Archive for October, 2009
We have now had a full season without pesticides here in Ontario as a result of a provincial ban on their use for cosmetic purposes. It’s been a challenge on my lawn. I have been hand weeding the broadleaf weeds and putting a little extra fertilizer on to stimulate more growth.
For some reason Round-up is not included in the ban and is still available at Lowes and Home Depot. I used some under my fence line, until I discovered that it was only supposed to be used for “noxious weeds.” It is safe to assume that would include thistles.
A neighbor down the street applied Round-up to patches of clover and individual dandelions. His lawn was a mess after just a few days and created much interest up and down the street. I suspect the Russian lady with allergies and a loudly anti-pesticide nature may have called the environmental police. I saw some officious looking characters checking things out.
His lawn was a mess after just a few days and created much interest up and down the street. I suspect the Russian lady with allergies and a loudly anti-pesticide nature may have called the environmental police…
There have been a few lawn care companies making applications in the neighborhood. When I questioned them they became evasive, probably suspecting that I was a spy for the government. Meanwhile on a nearby soccer pitch, the grass is cut at 3 inches but there are more weeds than grass. Few kids play soccer there.
Miraculously, golf courses received an exemption from the new regulation but are under severe restrictions. They must become IPM accredited and join the Audubon program. In addition they must keep meticulous records of the pesticide applications and only spray as a last resort. Some superintendents I know have hired an extra assistant to take care of the administrative load. That’s the price to pay to squelch Dollar Spot. There is talk of compost tea helping grasses resist Dollar Spot.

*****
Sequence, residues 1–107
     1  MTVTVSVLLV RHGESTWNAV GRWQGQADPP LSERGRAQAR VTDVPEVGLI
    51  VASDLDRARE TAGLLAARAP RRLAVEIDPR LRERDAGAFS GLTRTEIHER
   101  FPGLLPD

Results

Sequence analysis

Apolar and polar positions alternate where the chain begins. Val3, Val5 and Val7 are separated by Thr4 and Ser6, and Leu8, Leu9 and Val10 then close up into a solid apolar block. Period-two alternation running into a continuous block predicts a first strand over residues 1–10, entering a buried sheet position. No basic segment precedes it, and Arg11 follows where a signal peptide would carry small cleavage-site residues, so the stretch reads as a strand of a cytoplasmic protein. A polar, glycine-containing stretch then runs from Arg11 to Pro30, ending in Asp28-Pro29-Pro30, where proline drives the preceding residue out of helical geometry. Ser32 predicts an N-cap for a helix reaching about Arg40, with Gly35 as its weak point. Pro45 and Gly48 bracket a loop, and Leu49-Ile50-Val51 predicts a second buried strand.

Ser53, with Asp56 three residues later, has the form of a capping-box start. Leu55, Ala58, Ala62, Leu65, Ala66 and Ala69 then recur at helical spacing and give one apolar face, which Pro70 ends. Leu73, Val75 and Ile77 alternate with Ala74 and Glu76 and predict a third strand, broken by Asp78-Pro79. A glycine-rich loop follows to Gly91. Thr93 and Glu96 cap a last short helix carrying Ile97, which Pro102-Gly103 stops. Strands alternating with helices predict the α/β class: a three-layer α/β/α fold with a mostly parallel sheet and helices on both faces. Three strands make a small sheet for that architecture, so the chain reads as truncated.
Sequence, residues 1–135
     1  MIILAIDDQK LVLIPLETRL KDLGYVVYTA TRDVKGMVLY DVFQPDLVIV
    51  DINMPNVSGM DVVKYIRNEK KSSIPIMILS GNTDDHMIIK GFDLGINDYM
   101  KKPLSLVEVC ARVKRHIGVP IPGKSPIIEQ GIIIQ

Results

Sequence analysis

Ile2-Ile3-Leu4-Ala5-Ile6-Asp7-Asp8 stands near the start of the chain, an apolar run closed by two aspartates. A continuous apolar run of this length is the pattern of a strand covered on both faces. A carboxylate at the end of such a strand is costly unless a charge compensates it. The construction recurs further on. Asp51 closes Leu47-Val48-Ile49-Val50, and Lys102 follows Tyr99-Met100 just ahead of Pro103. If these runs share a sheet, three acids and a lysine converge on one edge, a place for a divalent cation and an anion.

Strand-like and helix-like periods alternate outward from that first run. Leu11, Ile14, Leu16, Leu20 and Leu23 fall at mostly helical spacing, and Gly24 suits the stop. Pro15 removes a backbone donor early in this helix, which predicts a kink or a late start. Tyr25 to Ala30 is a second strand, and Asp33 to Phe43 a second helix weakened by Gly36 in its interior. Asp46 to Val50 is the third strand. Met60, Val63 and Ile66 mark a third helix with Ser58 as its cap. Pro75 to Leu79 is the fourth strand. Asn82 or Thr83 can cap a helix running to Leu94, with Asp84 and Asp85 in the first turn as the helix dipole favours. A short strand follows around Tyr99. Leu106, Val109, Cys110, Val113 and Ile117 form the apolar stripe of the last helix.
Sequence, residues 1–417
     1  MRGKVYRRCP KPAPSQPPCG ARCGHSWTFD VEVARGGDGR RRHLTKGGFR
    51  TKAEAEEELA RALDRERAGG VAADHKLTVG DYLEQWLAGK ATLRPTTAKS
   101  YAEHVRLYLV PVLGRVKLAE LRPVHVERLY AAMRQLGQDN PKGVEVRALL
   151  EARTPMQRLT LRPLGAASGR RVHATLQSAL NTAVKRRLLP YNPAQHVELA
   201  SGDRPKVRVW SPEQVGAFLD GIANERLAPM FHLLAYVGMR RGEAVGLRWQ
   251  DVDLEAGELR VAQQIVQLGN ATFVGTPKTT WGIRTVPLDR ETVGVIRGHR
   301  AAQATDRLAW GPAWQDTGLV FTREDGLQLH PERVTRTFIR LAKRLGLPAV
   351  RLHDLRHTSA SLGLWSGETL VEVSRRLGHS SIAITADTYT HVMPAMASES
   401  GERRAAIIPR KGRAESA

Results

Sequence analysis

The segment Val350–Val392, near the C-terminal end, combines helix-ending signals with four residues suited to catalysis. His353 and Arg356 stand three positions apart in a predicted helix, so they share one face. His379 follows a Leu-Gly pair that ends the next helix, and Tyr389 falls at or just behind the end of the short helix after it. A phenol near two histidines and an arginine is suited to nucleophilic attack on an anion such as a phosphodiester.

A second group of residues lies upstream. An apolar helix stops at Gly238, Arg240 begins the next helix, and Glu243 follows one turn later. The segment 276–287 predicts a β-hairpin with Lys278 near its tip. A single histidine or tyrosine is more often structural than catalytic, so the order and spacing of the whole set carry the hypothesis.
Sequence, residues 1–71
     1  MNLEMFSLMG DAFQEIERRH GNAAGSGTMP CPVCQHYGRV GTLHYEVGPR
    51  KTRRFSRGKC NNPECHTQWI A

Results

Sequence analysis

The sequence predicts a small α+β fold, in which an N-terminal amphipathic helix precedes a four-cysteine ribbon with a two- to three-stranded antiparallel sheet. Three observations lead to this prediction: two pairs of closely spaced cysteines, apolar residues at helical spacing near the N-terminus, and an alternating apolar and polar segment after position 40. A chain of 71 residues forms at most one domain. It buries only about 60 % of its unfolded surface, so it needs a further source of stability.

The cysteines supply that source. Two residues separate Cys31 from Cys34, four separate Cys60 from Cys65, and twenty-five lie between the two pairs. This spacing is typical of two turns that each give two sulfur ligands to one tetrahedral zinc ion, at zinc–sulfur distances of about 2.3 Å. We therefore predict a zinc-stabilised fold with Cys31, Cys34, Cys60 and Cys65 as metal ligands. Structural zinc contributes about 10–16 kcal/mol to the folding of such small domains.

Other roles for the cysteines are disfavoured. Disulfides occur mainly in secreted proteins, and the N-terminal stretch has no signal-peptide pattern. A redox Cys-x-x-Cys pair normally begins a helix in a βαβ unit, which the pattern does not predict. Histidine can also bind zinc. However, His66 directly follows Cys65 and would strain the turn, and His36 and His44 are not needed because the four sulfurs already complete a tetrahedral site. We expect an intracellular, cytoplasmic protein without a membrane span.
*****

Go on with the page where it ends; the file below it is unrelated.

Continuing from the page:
Everyone, even the politicians, knows that the pesticide ban is an emotional issue not based on science. Unfortunately, scientists have lost credibility ever since the atomic bomb was created. And guess where the votes are? When the socialist mayor of Toronto and the liberal premier of the province play golf together, as they have been known to do, I wonder what they talk about. Do they admire the weed-free pristine fairways? Do they occasionally sniff a tuft of turf? More likely they are comparing their horrendous budgetary deficits. I firmly believe it’s only a matter of time for the golf course exemption from the pesticide ban to be rescinded.
When the socialist mayor of Toronto and the liberal premier of the province play golf together, as they have been known to do, I wonder what they talk about. Do they admire the weed-free pristine fairways? Do they occasionally sniff a tuft of turf?
To my American colleagues I say, don’t be surprised if the above scenario is repeated south of the 48th parallel. You have now been warned.
In my next blog I will address the issue of how golf courses can be maintained without pesticides.
Two Montreal area superintendents were among 1450 cyclists who participated in The Ride to Conquer Cancer, a series of two-day regional cycling events across Canada to raise money for cancer research. Pat Moir at Hillsdale GC, the current president of the Canadian Golf Superintendents Association, teamed with Randy Scott of Elm Ridge Country Club in the 300 km Quebec ride from Montreal to Quebec City. Scott is a past president of CGSA.